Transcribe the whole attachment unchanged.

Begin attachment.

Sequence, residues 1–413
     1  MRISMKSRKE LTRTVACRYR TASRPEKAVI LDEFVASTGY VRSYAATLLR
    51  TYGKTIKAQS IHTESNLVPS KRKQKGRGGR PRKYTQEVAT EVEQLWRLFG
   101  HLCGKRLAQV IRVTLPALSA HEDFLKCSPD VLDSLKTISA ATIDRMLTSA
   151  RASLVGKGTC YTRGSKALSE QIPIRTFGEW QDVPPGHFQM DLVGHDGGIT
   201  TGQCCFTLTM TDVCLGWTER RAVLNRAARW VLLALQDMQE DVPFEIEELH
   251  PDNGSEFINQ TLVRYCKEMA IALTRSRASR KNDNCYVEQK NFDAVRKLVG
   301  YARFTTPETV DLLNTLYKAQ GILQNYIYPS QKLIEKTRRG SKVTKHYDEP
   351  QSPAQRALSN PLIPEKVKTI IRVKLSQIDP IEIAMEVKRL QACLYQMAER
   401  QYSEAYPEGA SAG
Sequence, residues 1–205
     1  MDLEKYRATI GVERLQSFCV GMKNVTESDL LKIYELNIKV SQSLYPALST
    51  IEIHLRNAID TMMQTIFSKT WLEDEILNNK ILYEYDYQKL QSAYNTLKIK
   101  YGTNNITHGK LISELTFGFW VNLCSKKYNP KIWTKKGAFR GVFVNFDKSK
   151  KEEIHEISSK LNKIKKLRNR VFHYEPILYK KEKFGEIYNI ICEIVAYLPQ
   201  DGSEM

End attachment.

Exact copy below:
Sequence, residues 1–413
     1  MRISMKSRKE LTRTVACRYR TASRPEKAVI LDEFVASTGY VRSYAATLLR
    51  TYGKTIKAQS IHTESNLVPS KRKQKGRGGR PRKYTQEVAT EVEQLWRLFG
   101  HLCGKRLAQV IRVTLPALSA HEDFLKCSPD VLDSLKTISA ATIDRMLTSA
   151  RASLVGKGTC YTRGSKALSE QIPIRTFGEW QDVPPGHFQM DLVGHDGGIT
   201  TGQCCFTLTM TDVCLGWTER RAVLNRAARW VLLALQDMQE DVPFEIEELH
   251  PDNGSEFINQ TLVRYCKEMA IALTRSRASR KNDNCYVEQK NFDAVRKLVG
   301  YARFTTPETV DLLNTLYKAQ GILQNYIYPS QKLIEKTRRG SKVTKHYDEP
   351  QSPAQRALSN PLIPEKVKTI IRVKLSQIDP IEIAMEVKRL QACLYQMAER
   401  QYSEAYPEGA SAG
Sequence, residues 1–205
     1  MDLEKYRATI GVERLQSFCV GMKNVTESDL LKIYELNIKV SQSLYPALST
    51  IEIHLRNAID TMMQTIFSKT WLEDEILNNK ILYEYDYQKL QSAYNTLKIK
   101  YGTNNITHGK LISELTFGFW VNLCSKKYNP KIWTKKGAFR GVFVNFDKSK
   151  KEEIHEISSK LNKIKKLRNR VFHYEPILYK KEKFGEIYNI ICEIVAYLPQ
   201  DGSEM